AUSTRALIAN women with acute coronary syndromes (ACS) are less likely than men to receive evidence-based treatment, according to findings described by one leading international expert as “a huge, huge issue for women”.
Professor Roxana Mehran, Director of the Center for Interventional Cardiovascular Research and Clinical Trials at the Cardiovascular Research Institute at Mount Sinai School of Medicine in New York, told InSight+ in an exclusive podcast that the undertreatment of women in this area was largely down to a lack of data and female participation in clinical trials.
“The disparities continue to remain there, despite all of our education,” she said.
“We’re seeing that the prevalence of acute myocardial infarction is actually increasing instead of decreasing, especially among women over the age of 45. We are seeing that recurrent myocardial infarction and recurrent events are higher for women compared with men.
“We’re seeing increasing myocardial infarction in young women, or admissions for younger women presenting with an acute coronary syndromes, and we know that women present differently, they have different triggers, their lesion and their vessels look very different than men.”
Professor Mehran has coauthored an editorial, published in the MJA, in response to research from Bachelet and colleagues, detailing sex disparities in the management of non-ST-elevation ACS between men and women in Australian hospitals.
Professor Clara Chow, a cardiologist at Westmead Hospital and a co-author of the research, told InSight+ that these sex disparities were “no small thing” with no “single simple solution”.
Professor Chow and her colleagues analysed Cooperative National Registry of Acute Coronary care, Guideline Adherence and Clinical Events (CONCORDANCE) registry data for patients diagnosed with non-ST-elevation ACS (NSTEACS) in 43 Australian hospitals during 23 February 2009 – 16 October 2018. They looked for receipt of guideline-based medications and invasive therapies, including cardiac catheterisation and revascularisation, with procedures and outcomes at the 6-month follow-up assessed by telephone interview.
“The proportion of women who underwent cardiac catheterisation was smaller (1710, 71% v 4134, 77%), and the median time to catheterisation was longer (53 h v 47 h); non-obstructive coronary artery disease was detected in a larger proportion of women than men during catheterisation (602, 35% v 566, 14%),” Bachelet and colleagues reported.
“At discharge, fewer women were prescribed aspirin (85% v 91%), a second antiplatelet medication (59% v 68%), β-blockers (71% v 75%), or statins (86% v 92%), or referred to cardiac rehabilitation (54% v 63%).
“Smaller proportions of women with coronary artery disease (CAD) than of men underwent coronary artery bypass grafting (110, 10% v 563, 16%) or were prescribed statins at discharge (94% v 96%). Fewer women than men were referred to cardiac rehabilitation (750, 69% v 2652, 75%), including among those who had been revascularised.”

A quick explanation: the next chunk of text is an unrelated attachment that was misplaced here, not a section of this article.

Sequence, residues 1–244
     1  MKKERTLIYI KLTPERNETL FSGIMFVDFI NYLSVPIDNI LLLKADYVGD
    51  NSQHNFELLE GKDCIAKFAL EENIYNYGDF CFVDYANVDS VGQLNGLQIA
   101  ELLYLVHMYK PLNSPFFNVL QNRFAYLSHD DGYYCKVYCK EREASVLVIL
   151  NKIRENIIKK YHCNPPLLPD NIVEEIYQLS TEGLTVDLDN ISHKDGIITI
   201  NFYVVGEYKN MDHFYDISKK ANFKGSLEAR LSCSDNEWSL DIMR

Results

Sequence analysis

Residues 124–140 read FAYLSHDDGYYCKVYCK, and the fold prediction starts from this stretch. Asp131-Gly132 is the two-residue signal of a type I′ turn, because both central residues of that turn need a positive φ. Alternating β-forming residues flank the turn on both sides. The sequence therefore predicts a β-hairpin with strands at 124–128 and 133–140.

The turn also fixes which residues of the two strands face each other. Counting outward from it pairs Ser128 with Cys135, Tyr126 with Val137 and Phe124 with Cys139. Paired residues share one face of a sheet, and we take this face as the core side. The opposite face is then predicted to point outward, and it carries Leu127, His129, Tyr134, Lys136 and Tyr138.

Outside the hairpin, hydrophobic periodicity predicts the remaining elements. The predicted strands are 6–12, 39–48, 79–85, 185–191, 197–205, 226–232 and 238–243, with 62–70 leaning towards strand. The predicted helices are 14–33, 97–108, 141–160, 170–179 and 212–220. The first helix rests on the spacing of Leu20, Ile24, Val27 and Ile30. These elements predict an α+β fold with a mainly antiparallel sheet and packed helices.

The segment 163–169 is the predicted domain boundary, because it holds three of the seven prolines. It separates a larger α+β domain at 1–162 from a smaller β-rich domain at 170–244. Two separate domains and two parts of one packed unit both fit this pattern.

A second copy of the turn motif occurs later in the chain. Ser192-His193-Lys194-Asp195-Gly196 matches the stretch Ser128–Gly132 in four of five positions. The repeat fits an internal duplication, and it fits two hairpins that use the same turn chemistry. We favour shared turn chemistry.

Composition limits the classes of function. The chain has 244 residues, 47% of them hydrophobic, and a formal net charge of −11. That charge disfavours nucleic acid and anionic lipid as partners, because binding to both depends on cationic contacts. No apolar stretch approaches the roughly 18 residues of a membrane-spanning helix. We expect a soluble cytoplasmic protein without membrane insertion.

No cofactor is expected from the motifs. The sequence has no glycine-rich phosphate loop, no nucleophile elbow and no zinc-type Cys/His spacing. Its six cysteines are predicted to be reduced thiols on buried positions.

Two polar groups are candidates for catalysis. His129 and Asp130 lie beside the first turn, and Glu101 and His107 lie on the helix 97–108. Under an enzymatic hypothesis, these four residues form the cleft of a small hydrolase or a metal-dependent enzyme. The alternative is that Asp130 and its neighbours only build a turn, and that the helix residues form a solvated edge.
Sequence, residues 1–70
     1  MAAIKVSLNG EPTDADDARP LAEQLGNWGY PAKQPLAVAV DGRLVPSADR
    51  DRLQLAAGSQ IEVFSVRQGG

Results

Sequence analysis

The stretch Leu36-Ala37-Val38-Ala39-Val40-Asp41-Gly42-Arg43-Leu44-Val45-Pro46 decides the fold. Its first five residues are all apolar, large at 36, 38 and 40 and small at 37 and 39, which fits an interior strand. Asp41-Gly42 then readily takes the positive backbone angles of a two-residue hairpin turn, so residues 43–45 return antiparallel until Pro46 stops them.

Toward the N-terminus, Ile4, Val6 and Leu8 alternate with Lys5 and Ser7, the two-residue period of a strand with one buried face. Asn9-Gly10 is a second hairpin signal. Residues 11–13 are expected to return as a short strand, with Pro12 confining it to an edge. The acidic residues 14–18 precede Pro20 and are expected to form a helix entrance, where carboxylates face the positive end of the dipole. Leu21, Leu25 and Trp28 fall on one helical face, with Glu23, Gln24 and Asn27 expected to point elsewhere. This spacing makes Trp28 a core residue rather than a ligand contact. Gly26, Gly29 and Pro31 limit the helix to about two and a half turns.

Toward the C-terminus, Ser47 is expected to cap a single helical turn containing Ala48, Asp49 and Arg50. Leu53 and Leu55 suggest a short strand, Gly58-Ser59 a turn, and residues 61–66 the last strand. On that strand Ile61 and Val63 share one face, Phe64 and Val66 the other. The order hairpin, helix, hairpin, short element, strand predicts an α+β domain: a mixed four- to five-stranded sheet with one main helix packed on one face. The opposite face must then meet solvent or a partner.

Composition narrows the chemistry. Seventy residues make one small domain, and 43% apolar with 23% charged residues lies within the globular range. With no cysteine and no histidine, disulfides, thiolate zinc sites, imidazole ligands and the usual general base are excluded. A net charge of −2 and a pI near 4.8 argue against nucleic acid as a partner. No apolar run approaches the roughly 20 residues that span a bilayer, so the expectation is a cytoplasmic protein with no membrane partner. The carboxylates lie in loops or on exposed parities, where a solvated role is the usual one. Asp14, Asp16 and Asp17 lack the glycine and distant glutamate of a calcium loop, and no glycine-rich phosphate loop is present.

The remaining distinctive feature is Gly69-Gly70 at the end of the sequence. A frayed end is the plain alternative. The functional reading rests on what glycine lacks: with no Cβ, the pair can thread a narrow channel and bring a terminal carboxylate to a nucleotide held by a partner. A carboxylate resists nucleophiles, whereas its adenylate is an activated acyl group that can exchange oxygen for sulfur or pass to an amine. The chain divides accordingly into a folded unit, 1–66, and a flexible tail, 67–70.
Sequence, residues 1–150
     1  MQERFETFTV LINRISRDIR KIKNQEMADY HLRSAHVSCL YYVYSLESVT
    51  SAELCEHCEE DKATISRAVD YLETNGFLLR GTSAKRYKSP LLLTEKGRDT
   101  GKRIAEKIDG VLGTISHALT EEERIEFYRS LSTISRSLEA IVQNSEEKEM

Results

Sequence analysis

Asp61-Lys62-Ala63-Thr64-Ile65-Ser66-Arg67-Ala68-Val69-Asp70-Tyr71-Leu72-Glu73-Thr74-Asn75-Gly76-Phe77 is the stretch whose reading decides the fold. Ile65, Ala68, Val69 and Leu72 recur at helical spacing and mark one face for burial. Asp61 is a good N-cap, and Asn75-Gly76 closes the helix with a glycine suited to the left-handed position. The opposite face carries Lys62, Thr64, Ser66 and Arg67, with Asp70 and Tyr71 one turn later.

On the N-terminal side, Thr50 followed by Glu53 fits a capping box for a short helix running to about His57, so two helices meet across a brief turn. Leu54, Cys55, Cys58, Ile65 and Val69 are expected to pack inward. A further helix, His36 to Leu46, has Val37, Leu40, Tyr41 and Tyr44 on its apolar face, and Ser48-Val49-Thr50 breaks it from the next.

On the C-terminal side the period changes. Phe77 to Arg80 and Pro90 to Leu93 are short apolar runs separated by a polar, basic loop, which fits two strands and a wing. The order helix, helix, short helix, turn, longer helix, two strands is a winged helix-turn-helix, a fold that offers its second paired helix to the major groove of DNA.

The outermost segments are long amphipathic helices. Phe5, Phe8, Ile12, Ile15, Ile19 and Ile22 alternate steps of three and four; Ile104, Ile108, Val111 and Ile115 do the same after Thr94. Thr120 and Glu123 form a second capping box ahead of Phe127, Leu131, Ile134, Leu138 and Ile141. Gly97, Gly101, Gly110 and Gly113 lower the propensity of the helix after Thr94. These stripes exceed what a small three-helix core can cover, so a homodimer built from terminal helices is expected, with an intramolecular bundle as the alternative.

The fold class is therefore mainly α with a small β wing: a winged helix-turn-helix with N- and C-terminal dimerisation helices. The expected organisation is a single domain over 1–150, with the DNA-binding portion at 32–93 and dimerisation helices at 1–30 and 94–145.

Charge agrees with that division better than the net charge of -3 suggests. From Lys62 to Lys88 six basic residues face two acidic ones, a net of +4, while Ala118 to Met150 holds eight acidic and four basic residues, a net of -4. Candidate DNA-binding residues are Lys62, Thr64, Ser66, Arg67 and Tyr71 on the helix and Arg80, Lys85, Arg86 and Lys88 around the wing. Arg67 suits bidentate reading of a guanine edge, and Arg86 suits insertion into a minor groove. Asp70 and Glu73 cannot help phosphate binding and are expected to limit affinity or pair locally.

Professor Chow told InSight+ that in women, non-obstructive coronary artery disease underlying their NSTEACS presentation was more common than in men.
“It might be because there are mechanisms that are more common in women that haven’t really been picked up and differentiated as clearly when we are doing the diagnostic studies.
“Of course, if you do less diagnostic studies in women, compared with men, that’s a big part of the problem as well.”
Professor Chow said the proportion of clinical trial participants who were women (20–30%) was “even more unbalanced than the actual presentation of that disease”.
Professor Chow told InSight+ that communication and recognising differences in the way women and men communicate their symptoms were part of the answer.
“I wonder sometimes if it’s in the way of taking the clinical history, that we don’t account for that properly, in how we communicate with patients,” she said.
“It often comes right back down to that communication.
“I’m not saying that that’s an excuse. But I am saying that we do need to see that people of all diverse backgrounds do communicate differently, and it does probably affect how we make a diagnosis quickly or not.
“One of the things that is occurring here is there is more delay with women [getting treated] compared with men, and maybe we need to somehow more quickly get through all of that complexity of that communication to get to the answer.
“I often tell my residents that you’ve got to base your decisions on objective markers.
“If [the patient has] a raised troponin, and an electrocardiogram abnormality, you’ve got enough [to make a decision]. Whether they tell you their chest pain is exactly typical, or atypical is not going to make the big jump – you need to move on.”
Is there unconscious sexism going on if women are being diagnosed with coronary artery CAD, but still going home undertreated and under-referred?
“I hope not,” said Professor Mehran.
“Why would you not want to refer women to angiography or refer women to coronary revascularisation, when we know that in ACS revascularisations are life-saving for these patients?
“Why aren’t they going home on guideline-directed medical therapies?
“Why are they getting less statins? Less antiplatelet regimens? We’ll never know the answer to these questions.
“We just have to keep drilling that this needs to stop. Hopefully, we can equalise it and bring [the numbers] up.”